alexa Effect of hydrogen peroxide on antibacterial activities of Canadian honeys.
Pharmaceutical Sciences

Pharmaceutical Sciences

Journal of Clinical & Experimental Pharmacology

Author(s): Brudzynski K, Brudzynski K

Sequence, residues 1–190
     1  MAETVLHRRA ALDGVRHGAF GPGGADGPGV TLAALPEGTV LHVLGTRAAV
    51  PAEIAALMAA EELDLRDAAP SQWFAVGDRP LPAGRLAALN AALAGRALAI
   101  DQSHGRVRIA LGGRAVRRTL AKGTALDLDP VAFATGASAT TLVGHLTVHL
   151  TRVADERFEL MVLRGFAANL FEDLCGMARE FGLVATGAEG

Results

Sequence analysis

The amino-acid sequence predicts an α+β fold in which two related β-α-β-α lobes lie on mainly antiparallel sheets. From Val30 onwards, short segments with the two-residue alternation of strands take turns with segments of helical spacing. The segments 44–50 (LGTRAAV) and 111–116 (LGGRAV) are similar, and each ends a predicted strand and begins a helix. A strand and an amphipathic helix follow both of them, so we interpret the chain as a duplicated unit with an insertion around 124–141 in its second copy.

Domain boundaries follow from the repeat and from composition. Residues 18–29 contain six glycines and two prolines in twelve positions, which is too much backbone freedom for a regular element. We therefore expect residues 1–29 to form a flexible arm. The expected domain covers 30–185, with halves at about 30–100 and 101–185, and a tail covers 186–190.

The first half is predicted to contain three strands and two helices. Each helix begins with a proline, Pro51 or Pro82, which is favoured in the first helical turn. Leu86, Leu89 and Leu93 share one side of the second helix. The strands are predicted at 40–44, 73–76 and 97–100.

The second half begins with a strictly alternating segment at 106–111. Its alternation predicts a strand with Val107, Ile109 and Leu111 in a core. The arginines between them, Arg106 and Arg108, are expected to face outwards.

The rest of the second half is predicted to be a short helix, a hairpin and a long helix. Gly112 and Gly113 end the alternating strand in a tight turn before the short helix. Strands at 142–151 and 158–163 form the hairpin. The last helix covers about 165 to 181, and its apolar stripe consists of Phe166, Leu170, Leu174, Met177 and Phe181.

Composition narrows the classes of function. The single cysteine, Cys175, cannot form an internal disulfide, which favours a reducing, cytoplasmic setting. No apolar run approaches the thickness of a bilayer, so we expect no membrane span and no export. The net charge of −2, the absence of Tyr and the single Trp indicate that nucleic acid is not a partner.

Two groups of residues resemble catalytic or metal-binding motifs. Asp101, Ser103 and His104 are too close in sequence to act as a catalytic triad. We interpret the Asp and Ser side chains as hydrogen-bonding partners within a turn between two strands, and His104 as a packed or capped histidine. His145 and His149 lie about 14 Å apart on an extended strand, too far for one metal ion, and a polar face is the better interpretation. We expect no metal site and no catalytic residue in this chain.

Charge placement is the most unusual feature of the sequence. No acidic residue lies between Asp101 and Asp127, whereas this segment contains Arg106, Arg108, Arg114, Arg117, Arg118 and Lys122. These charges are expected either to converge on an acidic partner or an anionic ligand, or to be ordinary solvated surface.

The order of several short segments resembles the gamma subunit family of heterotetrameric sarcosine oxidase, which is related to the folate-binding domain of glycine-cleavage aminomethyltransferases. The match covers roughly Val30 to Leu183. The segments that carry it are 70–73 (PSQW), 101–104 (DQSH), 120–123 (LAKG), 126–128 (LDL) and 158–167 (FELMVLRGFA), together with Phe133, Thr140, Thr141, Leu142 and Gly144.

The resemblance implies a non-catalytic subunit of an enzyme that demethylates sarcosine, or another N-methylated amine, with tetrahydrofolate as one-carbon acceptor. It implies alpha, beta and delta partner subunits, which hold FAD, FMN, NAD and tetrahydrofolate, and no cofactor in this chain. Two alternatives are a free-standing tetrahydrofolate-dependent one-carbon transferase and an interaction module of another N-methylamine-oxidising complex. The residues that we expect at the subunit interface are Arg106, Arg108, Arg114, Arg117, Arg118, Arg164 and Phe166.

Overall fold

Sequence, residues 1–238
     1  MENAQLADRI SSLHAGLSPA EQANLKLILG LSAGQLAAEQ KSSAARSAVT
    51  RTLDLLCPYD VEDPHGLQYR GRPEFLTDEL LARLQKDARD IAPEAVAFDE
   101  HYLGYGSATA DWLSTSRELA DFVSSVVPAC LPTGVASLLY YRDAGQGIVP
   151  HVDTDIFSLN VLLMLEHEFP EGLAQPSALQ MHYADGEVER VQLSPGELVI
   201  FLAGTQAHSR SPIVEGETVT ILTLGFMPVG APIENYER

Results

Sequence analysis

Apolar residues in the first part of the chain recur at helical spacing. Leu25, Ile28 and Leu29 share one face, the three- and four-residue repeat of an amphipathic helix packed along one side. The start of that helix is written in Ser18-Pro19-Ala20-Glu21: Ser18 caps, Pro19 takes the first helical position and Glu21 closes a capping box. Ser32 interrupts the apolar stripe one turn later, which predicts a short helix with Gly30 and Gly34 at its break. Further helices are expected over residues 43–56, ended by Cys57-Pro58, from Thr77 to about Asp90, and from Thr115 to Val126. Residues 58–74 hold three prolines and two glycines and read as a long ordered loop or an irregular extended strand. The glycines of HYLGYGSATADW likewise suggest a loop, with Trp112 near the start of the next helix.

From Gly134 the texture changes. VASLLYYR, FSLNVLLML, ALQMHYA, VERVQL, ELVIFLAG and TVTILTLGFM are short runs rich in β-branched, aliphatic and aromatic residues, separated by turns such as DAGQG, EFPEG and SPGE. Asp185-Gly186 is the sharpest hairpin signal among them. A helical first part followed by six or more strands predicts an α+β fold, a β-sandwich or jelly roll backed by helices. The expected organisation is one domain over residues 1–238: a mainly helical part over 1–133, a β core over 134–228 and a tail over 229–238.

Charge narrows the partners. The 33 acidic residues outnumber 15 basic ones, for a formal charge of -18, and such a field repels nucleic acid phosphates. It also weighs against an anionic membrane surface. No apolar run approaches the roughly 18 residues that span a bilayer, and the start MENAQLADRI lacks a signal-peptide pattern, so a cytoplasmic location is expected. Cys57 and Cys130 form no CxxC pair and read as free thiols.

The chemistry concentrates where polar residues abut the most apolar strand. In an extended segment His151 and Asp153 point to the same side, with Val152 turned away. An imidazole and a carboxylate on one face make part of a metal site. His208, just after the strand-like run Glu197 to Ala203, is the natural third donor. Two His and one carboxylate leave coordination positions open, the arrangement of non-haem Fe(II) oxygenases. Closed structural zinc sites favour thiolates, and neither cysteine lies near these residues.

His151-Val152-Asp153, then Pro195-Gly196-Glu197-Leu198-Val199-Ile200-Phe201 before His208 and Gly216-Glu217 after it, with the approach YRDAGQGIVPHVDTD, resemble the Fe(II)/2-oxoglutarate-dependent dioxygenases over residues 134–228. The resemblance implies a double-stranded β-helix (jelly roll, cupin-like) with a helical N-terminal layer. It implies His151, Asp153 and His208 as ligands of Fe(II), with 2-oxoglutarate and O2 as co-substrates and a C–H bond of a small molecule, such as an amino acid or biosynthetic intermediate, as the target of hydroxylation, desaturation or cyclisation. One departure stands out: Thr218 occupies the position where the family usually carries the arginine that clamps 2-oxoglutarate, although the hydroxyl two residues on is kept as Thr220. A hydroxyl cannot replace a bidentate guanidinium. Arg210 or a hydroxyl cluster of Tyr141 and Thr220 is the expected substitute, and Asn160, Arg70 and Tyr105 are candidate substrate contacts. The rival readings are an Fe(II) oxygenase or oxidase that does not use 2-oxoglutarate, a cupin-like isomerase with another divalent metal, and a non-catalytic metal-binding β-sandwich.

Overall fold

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Abstract Honey is recognized as an efficacious topical antimicrobial agent in the treatment of burns and wounds. The antimicrobial activity in some honeys depends on the endogenous hydrogen peroxide content. This study was aimed to determine whether honey's hydrogen peroxide level could serve as a honey-specific, activity-associated biomarker that would allow predicting and assessing the therapeutic effects of honey. Using a broth microdilution assay, I analyzed antibacterial activities of 42 Canadian honeys against two bacterial strains: Escherichia coli (ATCC 14948) and Bacillus subtilis (ATCC 6633). The MIC90 and MIC50 were established from the dose-response relationship between antibacterial activities and honey concentrations. The impact of H2O2 on antibacterial activity was determined (i) by measuring the levels of H2O2 before and after its removal by catalase and (ii) by correlating the results with levels of antibacterial activities. Canadian honeys demonstrated moderate to high antibacterial activity against both bacterial species. Both MIC90 and MIC50 revealed that the honeys exhibited a selective growth inhibitory activity against E. coli, and this activity was strongly influenced by endogenous H2O2 concentrations. Bacillus subtilis activity was marginally significantly correlated with H2O2 content. The removal of H2O2 by catalase reduced the honeys' antibacterial activity, but the enzyme was unable to completely decompose endogenous H2O2. The 25\%-30\% H2O2 "leftover" was significantly correlated with the honeys' residual antibacterial activity against E. coli. These data indicate that all Canadian honeys exhibited antibacterial activity, with higher selectivity against E. coli than B. subtilis, and that these antibacterial activities were correlated with hydrogen peroxide production in honeys. Hydrogen peroxide levels in honey, therefore, is a strong predictor of the honey's antibacterial activity. This article was published in Can J Microbiol and referenced in Journal of Clinical & Experimental Pharmacology

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